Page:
Protesters fed up with political repression, corruption and poverty (particularly recent food price inflation) toppled the government of Tunisia. They threaten to do the same in other countries throughout the Mideast as pundits hail the “Twitter and Facebook revolution.” But repressive governments have as much compunction about shutting down communication services as they do about torturing dissidents.
Egypt has cut all Internet access and most mobile phone service as huge protests threaten to topple that government. For a while the ISP Noor remained online — largely because it connects the country’s Stock Exchange and many offices of foreign companies to the outside world. Noor has now been cut off as well.
Interestingly, Egypt and Tunisia have some of the largest percentages of the population online in Africa. Egypt’s Communications Minister, Tarek Kamel, was secretary and co-founder of the global Internet Society’s Egyptian Chapter (which is no longer active). He is still listed as a member of the Board of Trustees on the Internet Society’s website. The Internet Society has strongly denounced the Internet shutdown.
Kamel is widely recognized as the person who brought the Internet to Egypt. He has publicly supported the open development of the Internet. His bio on the Internet Society’s website states that in the early years of the development of the Internet in Egypt, “Kamel’s work extended into liberalization issues such as a tax reduction for ISPs as well as a government/private sector partnership to serve the Egyptian Internet community. He has actively participated in the establishment of community centers in remote areas to bring the Internet to the have-nots.” His role in the shutdown is unknown, although he wasn’t among the cabinet members removed in the shakeup of the Egyptian government in the wake of the protests.
Cutting off most communication with the outside world for an extended period would be economic suicide for any modern, developed country, but temporary interruption — long enough to kill or imprison a large number of protesters without too much visibility for squeamish foreign allies — is viable for a poor country ruled by an elite supported by gifts of military technology from wealthier countries.
The protesters’ vulnerability is relying on highly centralized communication networks and services while fighting an overly centralized political system. The younger ones probably don’t have any memory of being without mobile phones and the Internet and may have taken them for granted.
To succeed in the face of violent repression and the shutdown of Internet and phone service, they must quickly develop low-tech strategies that are as fast and flexible as the ones that have been lost.
Another approach is to build communication services that cannot be intercepted or shut down. Human rights activists and hackers are already starting to do it with combination of low-cost commodity hardware and free open source software:
- Landlines still work in Egypt and a French ISP FDN offers free dialup Internet to Egyptians. Instructions to connect to foreign ISPs via dialup with a mobile phone are also being circulated for those who can use them.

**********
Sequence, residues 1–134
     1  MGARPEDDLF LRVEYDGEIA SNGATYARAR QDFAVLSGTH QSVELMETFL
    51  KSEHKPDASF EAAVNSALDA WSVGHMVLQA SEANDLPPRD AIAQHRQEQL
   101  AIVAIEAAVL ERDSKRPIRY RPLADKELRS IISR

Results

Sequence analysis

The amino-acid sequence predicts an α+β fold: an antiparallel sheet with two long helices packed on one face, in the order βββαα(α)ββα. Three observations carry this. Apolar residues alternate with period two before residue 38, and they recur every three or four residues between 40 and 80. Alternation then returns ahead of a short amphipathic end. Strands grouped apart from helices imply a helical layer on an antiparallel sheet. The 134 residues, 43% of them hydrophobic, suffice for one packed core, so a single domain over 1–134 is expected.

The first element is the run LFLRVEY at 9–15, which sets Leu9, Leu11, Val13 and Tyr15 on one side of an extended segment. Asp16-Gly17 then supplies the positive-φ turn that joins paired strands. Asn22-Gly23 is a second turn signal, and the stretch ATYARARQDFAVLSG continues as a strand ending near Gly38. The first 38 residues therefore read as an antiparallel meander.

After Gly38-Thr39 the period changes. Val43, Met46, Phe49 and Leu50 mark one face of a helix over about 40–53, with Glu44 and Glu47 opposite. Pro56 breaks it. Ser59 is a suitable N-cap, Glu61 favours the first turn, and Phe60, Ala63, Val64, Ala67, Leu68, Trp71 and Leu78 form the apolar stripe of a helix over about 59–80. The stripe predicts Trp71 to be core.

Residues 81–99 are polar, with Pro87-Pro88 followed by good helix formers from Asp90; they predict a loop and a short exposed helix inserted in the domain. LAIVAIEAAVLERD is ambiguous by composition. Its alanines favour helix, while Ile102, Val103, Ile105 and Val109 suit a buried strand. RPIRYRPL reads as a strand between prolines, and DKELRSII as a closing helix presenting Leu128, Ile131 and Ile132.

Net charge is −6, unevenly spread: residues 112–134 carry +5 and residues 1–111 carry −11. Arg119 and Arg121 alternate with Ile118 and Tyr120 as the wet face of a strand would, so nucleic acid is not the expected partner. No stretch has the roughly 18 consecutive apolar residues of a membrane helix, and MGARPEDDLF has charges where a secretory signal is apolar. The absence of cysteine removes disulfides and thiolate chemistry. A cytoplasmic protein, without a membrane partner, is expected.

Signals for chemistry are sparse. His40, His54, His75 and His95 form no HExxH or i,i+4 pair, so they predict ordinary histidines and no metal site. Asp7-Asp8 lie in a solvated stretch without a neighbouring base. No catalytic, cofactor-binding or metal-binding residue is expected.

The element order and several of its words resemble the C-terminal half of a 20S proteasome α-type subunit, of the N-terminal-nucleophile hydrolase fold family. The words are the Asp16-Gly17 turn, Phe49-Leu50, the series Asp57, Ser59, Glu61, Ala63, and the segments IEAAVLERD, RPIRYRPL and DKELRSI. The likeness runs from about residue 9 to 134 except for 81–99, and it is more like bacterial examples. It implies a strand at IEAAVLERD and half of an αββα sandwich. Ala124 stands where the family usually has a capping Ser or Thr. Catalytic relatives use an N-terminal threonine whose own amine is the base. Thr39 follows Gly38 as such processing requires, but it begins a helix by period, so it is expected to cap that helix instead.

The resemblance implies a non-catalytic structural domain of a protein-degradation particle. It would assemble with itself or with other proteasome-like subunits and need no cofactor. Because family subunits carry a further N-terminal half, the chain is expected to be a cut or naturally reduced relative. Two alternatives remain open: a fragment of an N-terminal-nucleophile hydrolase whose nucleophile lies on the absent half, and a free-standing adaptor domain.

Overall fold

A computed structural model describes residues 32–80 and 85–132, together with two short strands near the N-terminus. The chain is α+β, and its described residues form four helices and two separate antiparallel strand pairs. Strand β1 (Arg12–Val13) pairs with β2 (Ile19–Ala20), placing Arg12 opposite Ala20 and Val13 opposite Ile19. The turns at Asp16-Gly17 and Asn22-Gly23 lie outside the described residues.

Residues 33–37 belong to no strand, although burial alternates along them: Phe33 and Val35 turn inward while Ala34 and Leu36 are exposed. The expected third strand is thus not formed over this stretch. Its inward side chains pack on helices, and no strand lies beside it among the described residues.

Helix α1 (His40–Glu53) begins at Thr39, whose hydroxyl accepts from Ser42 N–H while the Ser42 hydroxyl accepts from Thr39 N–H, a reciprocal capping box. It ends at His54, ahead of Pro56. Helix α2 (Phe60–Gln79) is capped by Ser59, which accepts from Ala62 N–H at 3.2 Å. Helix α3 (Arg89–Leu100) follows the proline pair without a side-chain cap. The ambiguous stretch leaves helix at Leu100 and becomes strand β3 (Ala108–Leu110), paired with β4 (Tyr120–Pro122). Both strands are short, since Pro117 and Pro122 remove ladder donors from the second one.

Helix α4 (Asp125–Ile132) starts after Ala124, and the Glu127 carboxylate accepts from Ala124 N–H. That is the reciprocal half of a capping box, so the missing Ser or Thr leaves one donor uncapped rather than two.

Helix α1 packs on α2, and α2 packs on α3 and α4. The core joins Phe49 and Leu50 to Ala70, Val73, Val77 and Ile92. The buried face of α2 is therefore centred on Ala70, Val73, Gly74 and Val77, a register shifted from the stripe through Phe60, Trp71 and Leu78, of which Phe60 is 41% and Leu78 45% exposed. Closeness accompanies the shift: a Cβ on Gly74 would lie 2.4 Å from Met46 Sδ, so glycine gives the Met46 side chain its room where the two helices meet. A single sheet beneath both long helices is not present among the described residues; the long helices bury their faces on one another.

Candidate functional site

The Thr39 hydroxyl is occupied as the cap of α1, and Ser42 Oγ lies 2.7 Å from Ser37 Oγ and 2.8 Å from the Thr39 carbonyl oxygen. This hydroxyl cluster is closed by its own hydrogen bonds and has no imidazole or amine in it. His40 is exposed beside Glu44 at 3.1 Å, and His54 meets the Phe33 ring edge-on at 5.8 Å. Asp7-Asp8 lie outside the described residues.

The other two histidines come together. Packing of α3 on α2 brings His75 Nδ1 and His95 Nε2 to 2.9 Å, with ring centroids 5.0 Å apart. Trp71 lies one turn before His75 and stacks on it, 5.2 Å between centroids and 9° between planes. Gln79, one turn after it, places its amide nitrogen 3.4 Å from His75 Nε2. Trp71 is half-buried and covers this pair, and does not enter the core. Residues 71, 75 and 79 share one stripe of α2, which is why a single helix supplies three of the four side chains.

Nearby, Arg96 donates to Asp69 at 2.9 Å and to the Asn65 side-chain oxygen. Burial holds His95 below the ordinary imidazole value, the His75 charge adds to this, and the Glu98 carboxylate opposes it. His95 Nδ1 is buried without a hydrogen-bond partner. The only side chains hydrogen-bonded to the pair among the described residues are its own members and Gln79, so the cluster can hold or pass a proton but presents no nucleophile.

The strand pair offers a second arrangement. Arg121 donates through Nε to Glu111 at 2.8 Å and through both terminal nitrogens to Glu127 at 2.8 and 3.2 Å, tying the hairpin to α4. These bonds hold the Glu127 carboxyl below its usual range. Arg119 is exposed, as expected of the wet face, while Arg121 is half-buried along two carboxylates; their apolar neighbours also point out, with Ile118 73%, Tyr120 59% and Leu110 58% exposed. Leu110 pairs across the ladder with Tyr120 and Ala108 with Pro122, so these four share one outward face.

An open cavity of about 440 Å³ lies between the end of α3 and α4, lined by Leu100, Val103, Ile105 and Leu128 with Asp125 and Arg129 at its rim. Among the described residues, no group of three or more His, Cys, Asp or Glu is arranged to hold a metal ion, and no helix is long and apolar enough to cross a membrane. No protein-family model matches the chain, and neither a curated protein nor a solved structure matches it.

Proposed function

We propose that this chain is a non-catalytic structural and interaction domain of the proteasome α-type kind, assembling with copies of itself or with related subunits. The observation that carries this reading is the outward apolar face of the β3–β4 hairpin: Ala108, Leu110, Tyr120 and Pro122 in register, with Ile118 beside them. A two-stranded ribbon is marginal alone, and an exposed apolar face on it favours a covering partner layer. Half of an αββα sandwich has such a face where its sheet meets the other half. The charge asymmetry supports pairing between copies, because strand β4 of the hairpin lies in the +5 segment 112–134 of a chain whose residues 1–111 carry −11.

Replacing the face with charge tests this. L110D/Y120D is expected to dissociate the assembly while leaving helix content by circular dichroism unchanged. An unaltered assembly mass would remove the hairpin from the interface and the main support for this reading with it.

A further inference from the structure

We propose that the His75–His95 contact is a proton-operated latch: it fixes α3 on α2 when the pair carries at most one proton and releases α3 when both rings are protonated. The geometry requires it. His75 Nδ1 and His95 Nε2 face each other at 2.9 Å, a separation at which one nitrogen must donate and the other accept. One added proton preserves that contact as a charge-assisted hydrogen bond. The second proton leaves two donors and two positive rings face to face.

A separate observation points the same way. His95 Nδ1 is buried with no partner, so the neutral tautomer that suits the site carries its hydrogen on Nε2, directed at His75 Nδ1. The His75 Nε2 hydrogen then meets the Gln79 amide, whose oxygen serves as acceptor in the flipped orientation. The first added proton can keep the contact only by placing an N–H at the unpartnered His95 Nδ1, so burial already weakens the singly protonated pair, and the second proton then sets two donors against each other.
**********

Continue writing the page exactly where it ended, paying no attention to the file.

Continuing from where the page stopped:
- For Egyptians who are still able to use their mobile phones, there is Sukey, “a security-conscious news, communications and logistics support service principally for use by demonstrators during demonstrations.”
- Tech entrepreneur Shervin Pishevar put a call out on Twitter for volunteers to help construct self-configuring unblockable mobile ad hoc networks to prevent government caused blackouts during future protests worldwide.
- We Rebuild, a Europe-based group working for free speech and an open Internet is developing non-Internet modes of communication, including amateur, shortwave and pirate radio as well as a fax gateway, to assist protesters and humanitarian relief efforts. Information on these efforts can be found on their Telecomix news site.
- Remaining Internet activity is certainly being monitored. The Tor network of anonymous, encrypted proxies has seen a huge increase in Egyptian traffic.
Efforts like these could be the tipping point for the uprisings. In 1989 Czech student protesters received a gift of then state of the art 2400 baud modems from a mysterious man who may have been from the covert-operations wing of the Japanese embassy. Modems were illegal but the most Czech police didn’t even know what they were. The students set up BBS systems to coordinate actions throughout the country and successfully overthrew the Soviet communist backed dictatorship.
If you think the problems people in Egypt have could never happen here, you might want to think again. In the U.S. the “Internet kill switch” bill in Congress would allow interruption of Internet services in a “national cyberemergency.” Senator Joe Lieberman, who introduced the bill in the Senate, has described the Internet as a “dangerous place” and promised the bill would protect against “cyber terrorists.”
Some of our current political leaders, hanging on every word of their consultants and pollsters, and terrified of harsh criticism, might consider hostile online commentary more of an “emergency” than something trivial like say, a collision with an asteroid.
General Douglas MacArthur said, “No man is entitled to the blessings of freedom unless he be vigilant in its preservation.” Today that vigilance means learning to build and modify the technology that we use rather than being passive consumers of it.